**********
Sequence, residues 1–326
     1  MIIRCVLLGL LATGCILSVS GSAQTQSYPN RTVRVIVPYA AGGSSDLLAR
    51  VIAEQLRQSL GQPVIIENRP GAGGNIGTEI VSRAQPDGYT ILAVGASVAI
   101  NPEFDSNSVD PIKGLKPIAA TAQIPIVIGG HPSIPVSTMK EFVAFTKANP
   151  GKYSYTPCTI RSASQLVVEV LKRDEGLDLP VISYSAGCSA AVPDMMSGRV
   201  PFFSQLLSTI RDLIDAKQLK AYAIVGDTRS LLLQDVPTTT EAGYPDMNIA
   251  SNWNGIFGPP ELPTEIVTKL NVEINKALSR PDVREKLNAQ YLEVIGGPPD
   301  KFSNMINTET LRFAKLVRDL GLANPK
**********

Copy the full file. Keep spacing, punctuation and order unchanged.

Sequence, residues 1–326
     1  MIIRCVLLGL LATGCILSVS GSAQTQSYPN RTVRVIVPYA AGGSSDLLAR
    51  VIAEQLRQSL GQPVIIENRP GAGGNIGTEI VSRAQPDGYT ILAVGASVAI
   101  NPEFDSNSVD PIKGLKPIAA TAQIPIVIGG HPSIPVSTMK EFVAFTKANP
   151  GKYSYTPCTI RSASQLVVEV LKRDEGLDLP VISYSAGCSA AVPDMMSGRV
   201  PFFSQLLSTI RDLIDAKQLK AYAIVGDTRS LLLQDVPTTT EAGYPDMNIA
   251  SNWNGIFGPP ELPTEIVTKL NVEINKALSR PDVREKLNAQ YLEVIGGPPD
   301  KFSNMINTET LRFAKLVRDL GLANPK